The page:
The Research Expensing Tax Deduction vs. The Research Tax Credit

June 12, 2023

Two federal tax provisions meant to boost company research—the Research and Experimentation (R&E) tax deduction and the Research Tax Credit—are often conflated. Adding to the confusion, the research activities supported by both provisions are often referred to interchangeably as “research and development (R&D)” or “research and experimentation (R&E).” Either R&D or R&E are acceptable in popular usage; the important difference lies in the distinction between the deduction or the credit.

Deductions take effect before a corporation’s taxes are calculated and lower taxes indirectly. Corporations subtract (deduct) their expenses from their revenues to determine the profits they’re taxed on. The more they can deduct, the lower their taxable income, and the less they owe in taxes. 

In contrast, tax credits take effect after a corporation’s taxes have been calculated and directly reduce how much they have to pay—often reducing their tax liability dollar for dollar.

The Research and Experimentation (R&E) Expensing Tax Deduction

The research and experimentation (R&E) expensing tax deduction provided by Section 174 of the tax code allows companies of any size to deduct the cost of qualified research expenses from their profits before calculating their federal taxes owed. Before 2022, firms could choose to deduct all qualifying expenses in the year incurred. 

Beginning in 2022, thanks to one of the few revenue-raising provisions of the 2017 Trump-GOP tax law, companies will need to deduct their research costs more slowly, spreading the deduction out over a 5-year period for domestic research and a 15-year period for foreign research. This reduces the value of the deduction, increasing companies’ taxable income and requiring them to pay more in income taxes upfront.

Changing the R&E tax deduction to permanently allow corporations to write off their research expenses all at once would cost roughly $200 billion over 10 years.

There is no evidence that spreading out the cost of R&E deductions has any effect on corporations’ decision to invest in research. In fact, since the 5-year R&E rules came into effect in 2022, there has been an explosion of new research spending by major corporations. If the new R&E rules were having an adverse effect on their capacity to finance research, we would have expected to see the opposite.

Source: Americans for Tax Fairness Analysis of Corporate 10-K

The Research Tax Credit

In contrast, the research tax credit provided by Section 41 of the tax code and made permanent in 2015 is a nonrefundable, dollar-for-dollar general business credit that can be used to offset a company’s final tax bill. Like the expensing deduction, companies of any size can take advantage of the research tax credit so long as they have qualifying research expenses above a certain base level.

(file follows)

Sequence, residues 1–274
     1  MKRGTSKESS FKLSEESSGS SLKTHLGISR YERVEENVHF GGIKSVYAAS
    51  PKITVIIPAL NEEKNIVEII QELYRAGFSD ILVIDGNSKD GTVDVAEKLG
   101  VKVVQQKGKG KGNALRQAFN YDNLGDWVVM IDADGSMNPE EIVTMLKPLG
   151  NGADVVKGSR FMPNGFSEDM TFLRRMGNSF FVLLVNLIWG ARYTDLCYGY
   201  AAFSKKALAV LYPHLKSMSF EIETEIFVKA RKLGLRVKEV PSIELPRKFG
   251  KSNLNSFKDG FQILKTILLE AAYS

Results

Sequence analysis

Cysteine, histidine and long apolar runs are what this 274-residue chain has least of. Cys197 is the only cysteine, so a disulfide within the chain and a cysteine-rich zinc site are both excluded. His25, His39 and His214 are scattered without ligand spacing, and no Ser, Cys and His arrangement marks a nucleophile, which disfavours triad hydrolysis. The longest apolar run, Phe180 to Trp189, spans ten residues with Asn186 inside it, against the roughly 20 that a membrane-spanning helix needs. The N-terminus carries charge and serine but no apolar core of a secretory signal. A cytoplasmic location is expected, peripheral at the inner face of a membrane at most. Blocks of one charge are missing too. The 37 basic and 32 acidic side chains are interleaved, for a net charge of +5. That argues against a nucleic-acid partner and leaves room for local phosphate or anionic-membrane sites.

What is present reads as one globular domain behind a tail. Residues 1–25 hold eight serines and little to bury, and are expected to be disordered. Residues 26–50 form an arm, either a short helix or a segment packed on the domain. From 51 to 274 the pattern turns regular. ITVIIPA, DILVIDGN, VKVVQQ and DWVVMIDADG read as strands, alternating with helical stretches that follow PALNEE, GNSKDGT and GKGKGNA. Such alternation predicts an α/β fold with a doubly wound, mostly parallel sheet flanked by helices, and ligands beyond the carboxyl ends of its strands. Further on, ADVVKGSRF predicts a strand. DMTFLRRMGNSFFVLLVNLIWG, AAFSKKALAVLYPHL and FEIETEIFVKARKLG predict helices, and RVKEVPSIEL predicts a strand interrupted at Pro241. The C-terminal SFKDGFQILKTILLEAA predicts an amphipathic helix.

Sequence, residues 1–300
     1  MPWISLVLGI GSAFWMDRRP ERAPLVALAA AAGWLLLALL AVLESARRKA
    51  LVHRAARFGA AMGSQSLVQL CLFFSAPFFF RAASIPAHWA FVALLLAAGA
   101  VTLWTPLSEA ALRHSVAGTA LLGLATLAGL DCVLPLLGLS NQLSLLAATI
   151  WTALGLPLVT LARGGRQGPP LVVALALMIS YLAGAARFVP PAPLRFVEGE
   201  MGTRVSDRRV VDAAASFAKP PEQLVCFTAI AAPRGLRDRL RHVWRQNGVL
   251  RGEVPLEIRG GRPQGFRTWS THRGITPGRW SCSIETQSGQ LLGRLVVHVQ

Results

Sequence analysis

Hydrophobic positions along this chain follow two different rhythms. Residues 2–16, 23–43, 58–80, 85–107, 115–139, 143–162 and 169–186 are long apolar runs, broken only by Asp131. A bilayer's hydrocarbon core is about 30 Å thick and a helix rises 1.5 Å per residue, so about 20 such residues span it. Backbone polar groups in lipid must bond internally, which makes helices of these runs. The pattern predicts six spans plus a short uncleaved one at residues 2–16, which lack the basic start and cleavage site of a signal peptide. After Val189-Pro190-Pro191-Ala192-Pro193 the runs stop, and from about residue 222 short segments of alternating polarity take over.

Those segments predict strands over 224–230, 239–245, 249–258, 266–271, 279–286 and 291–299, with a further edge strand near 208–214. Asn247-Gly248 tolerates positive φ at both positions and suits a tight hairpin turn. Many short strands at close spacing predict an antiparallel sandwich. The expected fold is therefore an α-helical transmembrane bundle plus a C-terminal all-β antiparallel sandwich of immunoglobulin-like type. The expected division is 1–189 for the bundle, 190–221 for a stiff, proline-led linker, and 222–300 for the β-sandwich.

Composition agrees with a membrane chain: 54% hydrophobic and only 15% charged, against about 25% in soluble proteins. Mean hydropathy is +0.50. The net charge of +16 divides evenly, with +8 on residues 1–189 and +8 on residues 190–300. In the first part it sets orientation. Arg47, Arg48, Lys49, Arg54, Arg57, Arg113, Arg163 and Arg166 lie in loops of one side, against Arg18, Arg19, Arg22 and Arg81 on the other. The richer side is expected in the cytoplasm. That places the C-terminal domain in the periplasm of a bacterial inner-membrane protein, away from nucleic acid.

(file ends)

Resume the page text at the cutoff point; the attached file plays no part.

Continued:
Experts estimate that in 2022 alone, corporations received as much as $35 billion in R&D tax credits—a 550% increase since 2001, outpacing both the growth in company-funded research and GDP. Hugely profitable corporations Google, Apple, Intel, Microsoft, and Boeing each received billions of dollars through the R&D tax credit in the 5-year period between 2018-2022, not counting any federal tax subsidies they received through the research expensing deduction. 

But even as U.S. taxpayers subsidize research at these billion-dollar companies through the permanent tax credit, these corporations have lobbied hard for even more. Notably absent from many of their letters to Congress in support of R&E expensing is any acknowledgement of the billions they receive through the permanent credit.

Furthermore, some of the most prominent firms lobbying for special treatment for corporate research costs are also among the nation’s most prominent tax dodgers. Two corporations on the Leadership Committee of the R&D Coalition paid only a fraction of the 21% corporate tax rate in place from 2018 through 2020: Northrop Grumman paid only half (10.5%) on its $12.4 billion in profits and Amazon paid just 4.3% on its $43.4 billion in profits. Another committee member, Boeing, paid a tax rate of just 5.4% from 2008 to 2015 when the statutory rate was 35%, completely zeroing out its tax liability in five of those years.

**Changes to the Research Tax Credit Included in the Inflation Reduction Act

Most firms use the R&D tax credit to offset their income taxes, but a subset of small startup firms are allowed to use the credit to offset their payroll expenses instead. Under the Qualified Small Business Payroll Tax Credit for Increasing Research Activities—a subsection of the Section 41 R&D tax credit—a startup firm with a larger R&D tax credit available than they have in income tax liability can use the remaining credit to pay the employer portion of the FICA tax. (Note that employees must still pay the employee share of FICA taxes.) This payroll tax offset is targeted at true start-ups: companies can only use it in a year in which they have less than $5 million in revenue (not profits) after five years of no revenue at all. 

Prior to 2023, businesses could offset no more than $250,000 in payroll taxes and only Social Security taxes. The Inflation Reduction Act enacted last year by President Biden and Democrats in Congress doubled that limit beginning this year to $500,000 and allows it to be taken against Medicare taxes as well.